R A Lafferty

Science fiction writers who should be in the canon ahead of Philip K Dick, part 1

The idea for the subtitle occurred to me after I bought my Library of America Nabokov and Amazon recommended this Philip K Dick omnibus from the same series, which got me thinking. Now, there’s a certain spotty kid in a council library in Guildford in the eighties who will have a hissy fit if he hears me say this, but: Dick is overrated. He is a good sf writer, and his life story is interesting and scary and sad, but I think he owes what mainstream attention he has to three things. His books are full of paranoid politics where the heroes are impotent before scary authoritarians, and therefore appeal strongly to undergraduates. They are full of references to drugs, and therefore appeal strongly to undergraduates. And, lastly, all but one of their basic themes (“what is reality?”, “what does it mean to be human?” and so on) interlock neatly with the average first-year philosophy or literary theory course, and therefore appeal strongly to both undergraduates and those who have to teach undergraduates. (His remaining basic theme is “I hate my wife”, which appeals strongly to a percentage of the latter group.)

But none of those three things are relevant to literary quality. Dick was a sloppy, repetitive writer, and his attitude to women, and just about everything else, was pretty puerile. I can think of at least three sf writers from the 60s and 70s who should get fancy acid-free paper hardback editions before he does, starting with R. A. Lafferty.

Nine Hundred Grandmothers

It would be a good thing if Lafferty were just in print, let alone in the canon, because I’ve had to fossick through second-hand bookstores for years to get a copy of this. The funky cover by Leo and Diane Dillon almost makes up for the wasted time. It has no evident connection with any of the short stories inside, but then neither do most things. Lafferty’s blurbs always go on about how crazy he is – ‘the madman Lafferty’, says Harlan Ellison on this one – which is a cheap way of saying that, like Flann O’Brien, he follows the logic of his premises with an exceptional amount of rigor, and has a good time while he’s doing it. O’Brien and Chesterton are probably his closest literary relatives, although Lafferty makes The Man Who Was Thursday look staid and realistic. There’s also a dash of early 20th-century American cornball poetry in his work which reminds me of George Herriman’s Krazy Kat comics. This collection includes his best stories: ‘Slow Tuesday Night’, ‘Primary Education of the Camiroi’, ‘Polity and Custom of the Camiroi’, and especially ‘Thus We Frustrate Charlemagne’.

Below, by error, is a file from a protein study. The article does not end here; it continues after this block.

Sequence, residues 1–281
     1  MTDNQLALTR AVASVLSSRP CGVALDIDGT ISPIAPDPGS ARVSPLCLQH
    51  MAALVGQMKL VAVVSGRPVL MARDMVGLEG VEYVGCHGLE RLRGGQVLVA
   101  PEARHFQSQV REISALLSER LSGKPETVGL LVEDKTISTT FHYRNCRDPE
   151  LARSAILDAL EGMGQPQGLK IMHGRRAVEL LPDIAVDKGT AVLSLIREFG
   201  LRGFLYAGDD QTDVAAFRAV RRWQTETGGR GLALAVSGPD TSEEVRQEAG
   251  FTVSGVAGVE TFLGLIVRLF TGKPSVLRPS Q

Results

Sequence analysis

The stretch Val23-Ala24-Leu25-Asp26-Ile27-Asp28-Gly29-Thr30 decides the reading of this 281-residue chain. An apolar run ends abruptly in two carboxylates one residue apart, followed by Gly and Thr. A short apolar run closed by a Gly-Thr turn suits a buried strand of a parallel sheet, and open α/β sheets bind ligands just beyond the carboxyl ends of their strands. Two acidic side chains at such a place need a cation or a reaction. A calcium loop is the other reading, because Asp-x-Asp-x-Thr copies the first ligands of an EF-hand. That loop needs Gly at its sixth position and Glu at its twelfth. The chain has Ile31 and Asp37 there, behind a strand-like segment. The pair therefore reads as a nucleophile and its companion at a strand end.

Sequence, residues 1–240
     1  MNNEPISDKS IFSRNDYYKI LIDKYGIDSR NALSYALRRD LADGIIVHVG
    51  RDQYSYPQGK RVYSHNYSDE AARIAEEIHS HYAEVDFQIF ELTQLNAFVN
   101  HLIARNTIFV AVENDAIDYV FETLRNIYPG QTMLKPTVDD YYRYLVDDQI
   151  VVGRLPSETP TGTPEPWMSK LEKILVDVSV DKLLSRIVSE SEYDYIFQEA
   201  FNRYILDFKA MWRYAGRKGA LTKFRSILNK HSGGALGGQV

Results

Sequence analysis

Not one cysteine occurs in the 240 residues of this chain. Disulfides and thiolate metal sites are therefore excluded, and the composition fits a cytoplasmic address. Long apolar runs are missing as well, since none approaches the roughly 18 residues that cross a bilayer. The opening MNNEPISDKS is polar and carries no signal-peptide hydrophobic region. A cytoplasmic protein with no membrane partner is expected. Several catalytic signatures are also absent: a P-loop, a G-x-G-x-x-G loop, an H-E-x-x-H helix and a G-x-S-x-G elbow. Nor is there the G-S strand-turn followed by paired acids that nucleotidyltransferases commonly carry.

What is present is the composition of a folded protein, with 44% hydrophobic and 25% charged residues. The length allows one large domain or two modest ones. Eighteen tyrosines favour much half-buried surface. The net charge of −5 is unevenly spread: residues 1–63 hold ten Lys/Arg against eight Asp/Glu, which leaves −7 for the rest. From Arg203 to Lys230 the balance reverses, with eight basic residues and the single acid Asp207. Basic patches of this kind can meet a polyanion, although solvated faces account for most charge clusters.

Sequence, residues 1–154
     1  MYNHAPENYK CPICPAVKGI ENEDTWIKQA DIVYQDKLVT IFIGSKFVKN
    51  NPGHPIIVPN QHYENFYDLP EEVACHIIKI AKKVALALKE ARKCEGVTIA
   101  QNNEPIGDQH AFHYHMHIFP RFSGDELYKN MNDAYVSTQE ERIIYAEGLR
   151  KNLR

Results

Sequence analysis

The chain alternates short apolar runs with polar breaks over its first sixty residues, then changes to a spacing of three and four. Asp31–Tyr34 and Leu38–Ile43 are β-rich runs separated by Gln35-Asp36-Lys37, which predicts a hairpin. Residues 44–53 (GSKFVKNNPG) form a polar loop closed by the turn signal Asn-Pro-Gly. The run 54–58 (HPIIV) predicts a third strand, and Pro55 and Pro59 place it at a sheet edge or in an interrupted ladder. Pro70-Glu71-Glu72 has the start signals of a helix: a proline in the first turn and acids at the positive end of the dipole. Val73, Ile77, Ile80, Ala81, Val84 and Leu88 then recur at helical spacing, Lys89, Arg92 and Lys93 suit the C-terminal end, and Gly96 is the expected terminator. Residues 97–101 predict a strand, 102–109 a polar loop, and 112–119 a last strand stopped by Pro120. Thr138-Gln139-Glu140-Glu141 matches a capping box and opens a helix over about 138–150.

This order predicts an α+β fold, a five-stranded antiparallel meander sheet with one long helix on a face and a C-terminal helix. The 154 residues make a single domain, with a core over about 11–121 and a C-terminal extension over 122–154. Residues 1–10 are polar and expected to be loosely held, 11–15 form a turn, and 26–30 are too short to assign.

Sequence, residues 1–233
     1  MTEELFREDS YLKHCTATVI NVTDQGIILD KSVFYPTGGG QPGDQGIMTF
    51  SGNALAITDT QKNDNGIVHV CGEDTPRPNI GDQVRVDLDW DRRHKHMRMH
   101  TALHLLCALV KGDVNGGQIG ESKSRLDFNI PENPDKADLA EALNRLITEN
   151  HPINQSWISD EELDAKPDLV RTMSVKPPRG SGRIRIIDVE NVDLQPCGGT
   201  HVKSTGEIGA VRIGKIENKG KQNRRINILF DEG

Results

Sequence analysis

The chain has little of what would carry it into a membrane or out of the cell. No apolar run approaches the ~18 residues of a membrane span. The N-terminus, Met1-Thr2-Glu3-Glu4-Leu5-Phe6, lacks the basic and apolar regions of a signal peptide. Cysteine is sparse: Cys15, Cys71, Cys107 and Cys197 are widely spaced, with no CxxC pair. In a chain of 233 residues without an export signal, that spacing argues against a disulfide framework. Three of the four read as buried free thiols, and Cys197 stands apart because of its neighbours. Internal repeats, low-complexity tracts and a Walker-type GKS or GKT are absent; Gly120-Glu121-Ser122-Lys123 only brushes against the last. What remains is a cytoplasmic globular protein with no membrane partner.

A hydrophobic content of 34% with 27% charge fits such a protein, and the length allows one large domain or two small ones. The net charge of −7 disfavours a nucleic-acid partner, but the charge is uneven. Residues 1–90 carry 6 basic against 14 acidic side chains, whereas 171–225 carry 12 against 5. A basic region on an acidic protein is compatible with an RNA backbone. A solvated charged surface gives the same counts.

The only novel I’ve read of Lafferty’s is Arrive at Easterwine. It’s also exceptional, almost like a science fiction version of Bouvard and Pécuchet, only with a team of eccentric scientists and an intelligent computer as the protagonists.


3 responses to “R A Lafferty

  1. Inspired by this post, I bought “The Past Master” from Gould’s Book Arcade the other day – have only read the first chapter and that while falling aslee – but it appears (in promospeak) that Only One Man can Save the Future – Thomas More.

    A good start.

  2. Nonsense.

    I like RA Lafferty a lot (and I happen to have read several of his books and stories, not just one), but it is absurd to put him in the same class as Dick. And no, I’m not an undergrad — I’m a middle-aged attorney who’s been reading and re-reading Dick with pleasure for over 40 years.

  3. It’s about time somebody disagreed with this blog.

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